When training dogs, it’s always important to remember that you, as the trainer, are not the most important part of that dog’s world. The most important part of that dog’s world is his number one person. 

In my opinion, I think some trainers possess an attitude of, if that “misbehaving” dog were their dog, that dog would not be misbehaving at all (please note: “misbehaving” is open to interpretation. We all have our own definition of good behaviour). Dogs act out for all kinds of reasons. They are intelligent, thinking, feeling creatures. They have good days and bad days, and can experience moodiness, dissatisfaction, and general discontent, as can most creatures. It is the height of hubris to think/feel/believe that someone who loves someone else could possibly be happier with you, the onlooker. But I have known of some trainers who think this very thing. (This very mentality happens in other relationships as well; some people think they are always better for someone else than the actual main person in the picture.)

It is the job of the trainer to strive to train both the person and the dog so that they may work together to achieve a relatively harmonious state. I say relatively, because with all relationships, there will always be conflict of some sort. The idea is to understand that those conflicts will arise, and how to work through them.

There is one golden rule that I follow when first meeting a dog and client: Do not place your hands on the dog. (This is not to be confused with making eye contact, but it has the same foundation. For some reason, there has been, for many years, the belief that you must not make eye contact with dogs because they will view that as a challenge, and god help you then. In fact, if you don’t make eye contact with a dog, they will view you as submissive and not worth consideration, or worse, for the unexpecting, worth challenging. Dogs can discern a lot from what they see in your eyes. And, there’s this: if you don’t meet the eyes of the dog, how are you going to know when that look in his eyes changes from considering to challenging?)

I have known of some trainers who take a “hands on” approach. I do not respect those trainers. You do not touch a dog, unless the owner gives you leave to, and/or the dog indicates it accepts you. This goes for leash work, as well. The fact that you, the trainer can physically handle the dog lends nothing to the relationship between the dog and his person…regardless of how it may swell your ego.

Physical contact with a dog, any dog, imparts the need, or desire, for control. It violates a dog’s sense of personal space, just as it does with people. In short, it rings of challenge. A dog allowing you to touch him/her indicates a huge level of trust. People tend to take for granted that they can just reach out and touch a dog, any dog. This is due to the fact that dogs often willingly accept the touch of strangers, because many dogs are genuinely submissive (the whole “domesticity” thing). It comes across as pretty much natural to them. But many dogs are just as equally not submissive. Many dogs view touch as invasive and challenging; dogs definitely have a sense of “personal space”. If more people viewed this sort of thing the way it should be viewed, there would be far fewer problems between people and dogs.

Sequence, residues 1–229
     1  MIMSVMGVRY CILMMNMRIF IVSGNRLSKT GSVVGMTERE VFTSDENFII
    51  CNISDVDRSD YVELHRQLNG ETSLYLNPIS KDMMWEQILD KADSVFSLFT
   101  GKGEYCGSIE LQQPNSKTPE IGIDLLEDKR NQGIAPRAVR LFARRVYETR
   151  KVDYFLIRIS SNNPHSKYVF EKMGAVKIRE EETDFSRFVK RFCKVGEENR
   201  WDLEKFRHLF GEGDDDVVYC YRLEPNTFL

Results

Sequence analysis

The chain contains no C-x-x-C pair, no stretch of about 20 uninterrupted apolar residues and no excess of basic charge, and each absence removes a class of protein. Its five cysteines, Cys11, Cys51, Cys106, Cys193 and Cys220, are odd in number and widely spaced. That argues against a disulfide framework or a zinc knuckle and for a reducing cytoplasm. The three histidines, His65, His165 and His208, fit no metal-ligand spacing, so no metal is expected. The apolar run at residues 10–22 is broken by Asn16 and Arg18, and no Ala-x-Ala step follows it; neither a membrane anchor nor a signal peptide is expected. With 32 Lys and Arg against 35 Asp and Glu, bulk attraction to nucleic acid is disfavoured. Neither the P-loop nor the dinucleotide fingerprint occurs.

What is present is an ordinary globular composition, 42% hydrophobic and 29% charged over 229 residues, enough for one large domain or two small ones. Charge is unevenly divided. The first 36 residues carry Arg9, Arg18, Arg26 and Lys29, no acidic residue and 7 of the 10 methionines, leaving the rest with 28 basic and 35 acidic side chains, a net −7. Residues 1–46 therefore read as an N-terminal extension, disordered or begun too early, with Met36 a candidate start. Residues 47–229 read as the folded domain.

Hank is a very sensitive dog. He’s young, just over two years. For our first two weeks, I never laid a hand on Hank. I spoke to him, made eye contact with him, played with him when he involved me, fed him, took him to and from his pen when I felt he was open to it. Yes, I petted him, stroked him, but only when he indicated he was comfortable with it, when he came to me, or dropped down at my feet. I never forced him, never forced myself on him. It was always up to him.

After the two week bonding period, I then began handling him physically (an important incident occurred, which I will share later, that changed things subtly between us).

Hank is headstrong, but not unruly. He also had some bad habits, which she realized she had brought about, due to some unfortunate circumstances, and then just letting things go on as they had. But Hank is of a biddable breed, and is highly intelligent. His self-control was easy enough to address, easy enough to instill. When I had to restrain him physically, I did so quickly, a gentle hold of the scruff or shoulders, pulling him back or just holding him in place. Each time, I told him, in a firm, level tone, “Hank, wait.” Or, “Hank, get back.” I was never overly aggressive, just firm and unwavering. If he was on the bed or the sofa, I would gently shove him off, and tell him, “Hank, off the sofa,” or “Off the bed”. But I never overwhelmed him with that physical contact. It was the voice I was more concerned with. Overwhelming a dog with touch only teaches him to avoid your touch, if he’s not open to it.

The important lesson here is that you do not have to be physical with a dog in order to teach. No more than you have to be with anyone else, when it comes to general education. If you have the right mentality, the ability to communicate, the dog will know it. And voice will suffice. If you need to get physical (and you may need to at some point), you have already established that you are in control (of yourself, at least), and that you can handle the next challenge.

Hank has been just as easy to teach as any dog I have worked with. His number one person, however, voices her impatience (with herself) and her confusion with some of Hank’s idiosyncracies (more on those later).

But, overall, I’ve been very pleased with how Hank’s education is progressing. And so is she.